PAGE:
Ethicist: 'The Trolley Problem is the major barrier to fully autonomous cars.'
Roboticist: 'Why is this a problem for autonomous cars?'
Ethicist: 'Because lots of social science studies show people are uncomfortable with cars that might crash into their car instead of someone else.'
Roboticist: 'People are uncomfortable with dying in general, and yet they get into cars every day, put their kids in car seats the wrong way, and text and drive and do other crazy things. I, for example, get into cars with complete strangers that could kill or rape with me with no consequences for Travis Kalanick- but Uber is so cheap and convenient that I don’t care.'
Ethicist: 'People will care. You’re an engineer, you don’t understand people.'
Roboticist: 'OK, you realize that the robot car would not have any way of knowing that one car had 2 kids and a dog in it and the other car had a Nobel Prize winner whose best years may still be ahead? Or at least without violating privacy laws, assuming there was some way of a system knowing who was in each car?'
Ethicist: 'Assume people will waive the privacy laws so all cars talk to each other and know the occupants.'
Roboticists: 'OK, we will roll with the insane assumption about privacy violations. You realize that robots that avoid obstacles aren’t actually reasoning about what the obstacle is? That they do what people and animals do- they react at the spinal cord “oh crap!” level to not hit whatever is in the way?'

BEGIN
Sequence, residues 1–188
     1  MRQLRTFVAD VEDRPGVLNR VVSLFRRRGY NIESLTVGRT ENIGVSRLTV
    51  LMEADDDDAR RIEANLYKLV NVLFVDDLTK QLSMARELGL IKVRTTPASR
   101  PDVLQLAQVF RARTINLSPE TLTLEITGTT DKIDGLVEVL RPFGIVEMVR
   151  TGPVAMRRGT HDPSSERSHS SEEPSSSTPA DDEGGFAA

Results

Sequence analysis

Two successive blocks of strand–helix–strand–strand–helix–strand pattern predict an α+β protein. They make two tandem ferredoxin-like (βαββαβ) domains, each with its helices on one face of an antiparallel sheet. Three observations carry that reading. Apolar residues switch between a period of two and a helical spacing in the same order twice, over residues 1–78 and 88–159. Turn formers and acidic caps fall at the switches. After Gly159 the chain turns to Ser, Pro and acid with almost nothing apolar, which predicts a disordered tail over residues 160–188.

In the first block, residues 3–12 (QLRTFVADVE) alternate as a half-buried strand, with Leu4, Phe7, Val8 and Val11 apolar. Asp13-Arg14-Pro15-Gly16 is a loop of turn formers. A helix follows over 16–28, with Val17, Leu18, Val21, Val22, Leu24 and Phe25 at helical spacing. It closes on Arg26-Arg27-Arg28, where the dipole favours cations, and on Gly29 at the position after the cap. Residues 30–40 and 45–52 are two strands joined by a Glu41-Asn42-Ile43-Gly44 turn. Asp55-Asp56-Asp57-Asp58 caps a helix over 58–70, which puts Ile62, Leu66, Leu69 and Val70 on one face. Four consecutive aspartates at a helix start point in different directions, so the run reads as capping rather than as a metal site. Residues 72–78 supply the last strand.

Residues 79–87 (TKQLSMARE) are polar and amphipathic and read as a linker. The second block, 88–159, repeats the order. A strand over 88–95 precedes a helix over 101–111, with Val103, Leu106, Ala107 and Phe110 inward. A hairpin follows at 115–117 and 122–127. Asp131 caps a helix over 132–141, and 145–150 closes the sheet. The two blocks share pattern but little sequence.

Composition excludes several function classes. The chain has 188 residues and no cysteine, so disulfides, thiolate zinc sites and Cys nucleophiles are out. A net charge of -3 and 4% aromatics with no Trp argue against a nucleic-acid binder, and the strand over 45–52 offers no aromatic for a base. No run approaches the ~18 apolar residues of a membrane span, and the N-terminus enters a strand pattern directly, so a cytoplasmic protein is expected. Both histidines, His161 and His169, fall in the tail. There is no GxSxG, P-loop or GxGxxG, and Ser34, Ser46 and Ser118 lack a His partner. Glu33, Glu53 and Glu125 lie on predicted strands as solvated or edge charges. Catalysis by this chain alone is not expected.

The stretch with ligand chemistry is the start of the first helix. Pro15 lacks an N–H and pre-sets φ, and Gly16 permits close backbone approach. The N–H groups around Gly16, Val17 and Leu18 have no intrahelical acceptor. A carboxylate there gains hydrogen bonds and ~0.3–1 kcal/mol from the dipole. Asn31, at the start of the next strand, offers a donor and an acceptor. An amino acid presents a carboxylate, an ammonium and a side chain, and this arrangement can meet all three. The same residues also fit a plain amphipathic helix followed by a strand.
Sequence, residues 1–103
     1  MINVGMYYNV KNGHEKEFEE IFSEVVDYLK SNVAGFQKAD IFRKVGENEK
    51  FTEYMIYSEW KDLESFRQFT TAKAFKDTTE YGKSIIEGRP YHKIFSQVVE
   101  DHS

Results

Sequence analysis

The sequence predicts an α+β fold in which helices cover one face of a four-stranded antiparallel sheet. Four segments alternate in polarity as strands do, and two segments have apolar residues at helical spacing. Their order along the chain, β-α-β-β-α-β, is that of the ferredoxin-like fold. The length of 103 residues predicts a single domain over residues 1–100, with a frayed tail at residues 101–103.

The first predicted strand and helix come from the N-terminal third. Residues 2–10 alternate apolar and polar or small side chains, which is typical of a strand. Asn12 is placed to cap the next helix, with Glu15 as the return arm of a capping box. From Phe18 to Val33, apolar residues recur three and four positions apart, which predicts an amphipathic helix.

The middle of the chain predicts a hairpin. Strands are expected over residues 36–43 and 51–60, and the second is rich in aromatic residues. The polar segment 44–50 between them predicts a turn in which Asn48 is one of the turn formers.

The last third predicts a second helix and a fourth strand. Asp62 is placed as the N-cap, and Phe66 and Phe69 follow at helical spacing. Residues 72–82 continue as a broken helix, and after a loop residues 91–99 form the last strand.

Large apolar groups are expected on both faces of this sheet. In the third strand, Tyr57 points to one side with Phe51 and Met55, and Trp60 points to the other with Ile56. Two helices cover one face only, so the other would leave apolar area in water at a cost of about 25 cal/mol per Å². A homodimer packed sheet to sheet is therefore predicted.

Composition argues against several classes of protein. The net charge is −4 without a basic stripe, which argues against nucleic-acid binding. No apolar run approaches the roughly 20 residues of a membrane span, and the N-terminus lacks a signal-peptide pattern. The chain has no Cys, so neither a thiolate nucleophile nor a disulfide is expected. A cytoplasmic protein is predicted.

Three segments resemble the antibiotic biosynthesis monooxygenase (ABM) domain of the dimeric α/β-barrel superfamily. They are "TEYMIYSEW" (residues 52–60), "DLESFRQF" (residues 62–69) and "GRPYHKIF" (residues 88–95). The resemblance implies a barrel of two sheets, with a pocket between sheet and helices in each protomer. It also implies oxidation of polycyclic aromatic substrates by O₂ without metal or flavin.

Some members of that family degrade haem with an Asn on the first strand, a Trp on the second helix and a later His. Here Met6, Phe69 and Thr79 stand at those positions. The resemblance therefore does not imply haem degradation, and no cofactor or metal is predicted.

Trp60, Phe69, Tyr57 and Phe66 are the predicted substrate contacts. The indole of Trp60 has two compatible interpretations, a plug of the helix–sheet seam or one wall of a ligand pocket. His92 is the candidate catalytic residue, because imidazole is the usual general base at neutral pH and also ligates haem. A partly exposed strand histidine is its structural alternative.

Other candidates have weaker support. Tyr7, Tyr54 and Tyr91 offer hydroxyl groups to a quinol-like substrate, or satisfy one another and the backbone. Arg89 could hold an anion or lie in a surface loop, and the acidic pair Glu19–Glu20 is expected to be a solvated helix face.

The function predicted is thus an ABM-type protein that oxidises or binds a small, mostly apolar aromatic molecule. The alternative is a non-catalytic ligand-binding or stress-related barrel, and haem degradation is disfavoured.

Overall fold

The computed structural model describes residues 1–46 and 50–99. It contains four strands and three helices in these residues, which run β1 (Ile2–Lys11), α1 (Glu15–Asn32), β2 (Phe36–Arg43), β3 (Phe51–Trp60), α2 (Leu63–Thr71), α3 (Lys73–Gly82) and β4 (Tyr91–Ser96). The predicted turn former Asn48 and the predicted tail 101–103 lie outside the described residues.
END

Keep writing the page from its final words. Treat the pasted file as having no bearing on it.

Ethicist: 'Well, robots *should* reason.'
Roboticist: 'Recognition and reasoning takes more compute time than is available, that’s why people and animals react at the spinal cord level and why we roboticists started doing this in the late 1980s.'
Ethicist: 'Moore’s Law will do away with any concepts of latency.'
Roboticist: (to self) Where is Gordon Moore when we need him? (to Ethicist) 'You realize that the robot doesn’t have any sensors that could classify the car’s interior content- that its sensors are mostly detecting things like “biggest opening is that way” and “road is this way"?'
Ethicist: 'You’re missing the point, it won’t be long before robots can do this.'
Roboticist: 'With what sensors and what faster than light network?! Is there some magic fairy dust we’ve been missing? Wouldn’t I, as a scientist with a Ph.D. in robotics, actually know if this was possible?'
Ethicist: 'As a Ph.D. scientist, you are blinded to disruptive technologies and have been inculcated into the status quo corporate culture. We are thinking outside of the box. Plus I talked to an undergraduate from MIT once and he said this was all possible.' (BTW, I actually had a philosophy professor justify one of their arguments with the line about the undergraduate from MIT.)
But no matter, group discussions of the Trolley Problem are pretty life-affirming because each group walks away convinced that the others are total idiots. It’s a good feeling and similar to the unreasonable glow you get by watching I, Robot and its burst of high energy special effects.